Fringe element: The ties that bind Jewish people to G-d

Rabbi Craig Marantz

By Rabbi Craig Marantz, Guest Torah Columnist

Torah Portion: Shelach — Numbers 13:1-15:41 

I find Shelach very inspiring. Among several significant lessons, the portion closes with G-d’s commandment to wear the tzitzit. And, as many of you know, these tzitzit, or fringes, serve as a daily reminder of the mitzvot and the importance of observing them.

As an illustration of their significance, the Midrash tells one of my favorite stories about the tzitzit. A person is thrown from a boat into a rough sea. The captain stretches out a rope and tells the imperiled person to grab hold as though his life depends on it.

The Sages tell us that the rope is the tzitzit, the drowning person is Israel, and the captain is G-d. And, according to this interpretation, our adherence to Torah, as represented by the fringes, is the G-d-given or divinely inspired lifeline to which we hold on dearly, especially when life’s stormy waves crash upon us.

To what extent is Torah your lifeline? Does a ritual item like tzitzit link you closely to the power of Torah to pull you (and us all) upward–of the loving strength of G-d to sustain us in both times of trouble and of blessing? If not, is there some other Jewish practice that does?

I first learned about the importance of tzitzit as a Bar Mitzvah. As I prepared for my important life passage, my mother approached our rabbi, Edgar Magnin, a man larger than life to me. She wished to honor my grandfather’s request that I wear his tallit.  Rabbi Magnin said: “No.” For the Rabbi, the tallit was a trapping of the past, and so that was that. An old, perhaps apocryphal story has it that when someone asked Rabbi Magnin about the ritual committee, he said: “I am the damn ritual committee!” My mother did not persist with her request.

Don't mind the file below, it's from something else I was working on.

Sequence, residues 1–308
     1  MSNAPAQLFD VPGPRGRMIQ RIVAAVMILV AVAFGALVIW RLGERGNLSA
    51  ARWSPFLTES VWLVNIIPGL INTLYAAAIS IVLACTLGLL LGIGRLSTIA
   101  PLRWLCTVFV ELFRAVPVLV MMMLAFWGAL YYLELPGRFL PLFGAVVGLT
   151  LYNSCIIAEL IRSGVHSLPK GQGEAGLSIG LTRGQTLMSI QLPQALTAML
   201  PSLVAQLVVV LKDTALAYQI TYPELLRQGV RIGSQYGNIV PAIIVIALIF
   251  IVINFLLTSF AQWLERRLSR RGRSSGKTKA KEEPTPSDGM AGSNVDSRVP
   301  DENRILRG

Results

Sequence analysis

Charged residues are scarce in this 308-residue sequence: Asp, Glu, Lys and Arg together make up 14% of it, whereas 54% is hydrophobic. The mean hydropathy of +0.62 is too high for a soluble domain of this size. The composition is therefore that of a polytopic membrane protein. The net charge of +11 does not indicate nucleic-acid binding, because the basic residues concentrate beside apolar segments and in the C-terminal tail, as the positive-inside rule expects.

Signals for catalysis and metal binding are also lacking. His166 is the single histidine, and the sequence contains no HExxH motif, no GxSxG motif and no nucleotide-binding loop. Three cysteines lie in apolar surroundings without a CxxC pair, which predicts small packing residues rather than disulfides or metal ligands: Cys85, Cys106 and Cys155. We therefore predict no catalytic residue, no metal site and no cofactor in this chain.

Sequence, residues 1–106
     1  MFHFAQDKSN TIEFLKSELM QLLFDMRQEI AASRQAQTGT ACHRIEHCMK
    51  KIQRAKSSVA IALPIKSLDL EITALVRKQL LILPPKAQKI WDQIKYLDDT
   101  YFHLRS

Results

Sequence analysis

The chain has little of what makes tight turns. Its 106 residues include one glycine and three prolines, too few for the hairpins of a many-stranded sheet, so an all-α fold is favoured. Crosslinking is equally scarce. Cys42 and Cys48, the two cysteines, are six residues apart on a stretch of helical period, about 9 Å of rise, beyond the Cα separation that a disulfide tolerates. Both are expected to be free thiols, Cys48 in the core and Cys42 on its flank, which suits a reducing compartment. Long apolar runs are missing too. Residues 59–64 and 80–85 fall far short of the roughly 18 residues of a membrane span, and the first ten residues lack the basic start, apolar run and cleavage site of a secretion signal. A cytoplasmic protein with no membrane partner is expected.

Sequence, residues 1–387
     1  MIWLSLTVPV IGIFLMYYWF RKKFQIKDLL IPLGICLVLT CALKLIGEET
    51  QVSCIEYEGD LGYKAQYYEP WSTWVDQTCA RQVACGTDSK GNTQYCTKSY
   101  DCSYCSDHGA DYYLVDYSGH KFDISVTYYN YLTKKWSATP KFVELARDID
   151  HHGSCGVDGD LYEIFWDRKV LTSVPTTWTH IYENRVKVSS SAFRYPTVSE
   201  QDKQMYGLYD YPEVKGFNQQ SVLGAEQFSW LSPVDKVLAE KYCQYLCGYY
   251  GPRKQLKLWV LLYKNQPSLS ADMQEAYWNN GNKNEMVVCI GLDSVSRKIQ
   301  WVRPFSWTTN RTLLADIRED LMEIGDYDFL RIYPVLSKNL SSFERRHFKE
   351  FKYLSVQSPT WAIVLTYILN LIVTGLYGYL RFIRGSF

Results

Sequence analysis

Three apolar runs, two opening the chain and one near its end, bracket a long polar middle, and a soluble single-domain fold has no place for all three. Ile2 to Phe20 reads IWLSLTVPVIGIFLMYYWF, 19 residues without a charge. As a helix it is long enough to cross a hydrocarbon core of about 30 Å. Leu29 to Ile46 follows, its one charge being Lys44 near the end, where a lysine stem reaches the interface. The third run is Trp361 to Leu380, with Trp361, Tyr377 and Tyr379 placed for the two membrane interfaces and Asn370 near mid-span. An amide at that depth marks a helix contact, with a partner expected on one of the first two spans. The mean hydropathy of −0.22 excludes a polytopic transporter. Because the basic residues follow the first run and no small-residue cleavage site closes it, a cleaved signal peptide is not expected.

And, for sure, as a quiet and newly minted teenager, I was not prepared to challenge my rabbi, either. On one hand, my Jewish community did not view wrapping ourselves in the tzitzit as a halakhic responsibility, so no one else did the mitzvah, either. On the other hand, I did not need the tzitzit to help define my connection with my grandfather. He was alive and close-by; he was proud to be a Jew. I could not be more grateful for his presence at my Bar Mitzvah, bearing witness and linking my rite of passage with his own–creating lasting memories together in real time and through shared experience.

But, I also knew how special it would be to wear his tallit.  And, while I knew even as a young teen that the tzitzit were not something magical, they could be no less transformative–converting my mostly secular connection with my grandfather into something a little more Jewish and a little more sacred. And so, in my heart, while I did not require the tallit to make the moment matter, I desired it. Yet, I too let the request rest.